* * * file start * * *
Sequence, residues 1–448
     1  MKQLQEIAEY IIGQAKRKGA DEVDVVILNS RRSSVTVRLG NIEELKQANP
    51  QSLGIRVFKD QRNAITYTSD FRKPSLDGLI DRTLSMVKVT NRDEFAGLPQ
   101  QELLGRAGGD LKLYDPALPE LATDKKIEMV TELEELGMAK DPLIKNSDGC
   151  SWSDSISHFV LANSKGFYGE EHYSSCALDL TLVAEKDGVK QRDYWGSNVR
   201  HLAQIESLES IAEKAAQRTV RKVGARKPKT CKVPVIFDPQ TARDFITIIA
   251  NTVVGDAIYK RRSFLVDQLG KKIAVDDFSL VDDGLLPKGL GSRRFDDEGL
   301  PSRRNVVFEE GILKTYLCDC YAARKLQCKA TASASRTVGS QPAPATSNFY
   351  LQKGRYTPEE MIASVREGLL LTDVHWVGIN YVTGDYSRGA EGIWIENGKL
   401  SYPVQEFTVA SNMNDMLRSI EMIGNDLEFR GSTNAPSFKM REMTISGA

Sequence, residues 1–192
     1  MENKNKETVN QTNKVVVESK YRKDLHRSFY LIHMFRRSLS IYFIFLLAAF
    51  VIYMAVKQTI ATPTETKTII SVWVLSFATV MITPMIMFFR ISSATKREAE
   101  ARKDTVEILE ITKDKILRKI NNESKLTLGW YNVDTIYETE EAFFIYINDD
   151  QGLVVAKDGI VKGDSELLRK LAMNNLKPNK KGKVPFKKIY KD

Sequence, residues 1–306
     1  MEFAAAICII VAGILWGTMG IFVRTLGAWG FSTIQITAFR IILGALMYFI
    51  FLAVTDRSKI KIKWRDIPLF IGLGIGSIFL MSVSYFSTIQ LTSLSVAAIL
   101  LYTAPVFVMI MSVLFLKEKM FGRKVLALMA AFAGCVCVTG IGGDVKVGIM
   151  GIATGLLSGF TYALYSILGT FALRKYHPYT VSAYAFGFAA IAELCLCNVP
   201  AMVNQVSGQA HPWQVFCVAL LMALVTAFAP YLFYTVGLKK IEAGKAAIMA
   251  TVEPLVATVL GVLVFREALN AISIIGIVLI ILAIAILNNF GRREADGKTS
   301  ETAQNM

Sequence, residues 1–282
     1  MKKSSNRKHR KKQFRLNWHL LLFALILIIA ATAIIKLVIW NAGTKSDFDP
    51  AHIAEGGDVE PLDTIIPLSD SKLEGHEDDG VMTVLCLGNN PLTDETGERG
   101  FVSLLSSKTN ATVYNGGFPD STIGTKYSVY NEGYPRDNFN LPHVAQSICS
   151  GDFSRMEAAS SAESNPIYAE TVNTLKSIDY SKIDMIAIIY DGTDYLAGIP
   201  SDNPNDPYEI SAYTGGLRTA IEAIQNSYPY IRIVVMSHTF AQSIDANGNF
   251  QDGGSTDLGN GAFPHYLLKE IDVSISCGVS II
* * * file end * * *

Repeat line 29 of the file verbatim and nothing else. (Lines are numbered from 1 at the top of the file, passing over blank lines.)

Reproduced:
   201  SDNPNDPYEI SAYTGGLRTA IEAIQNSYPY IRIVVMSHTF AQSIDANGNF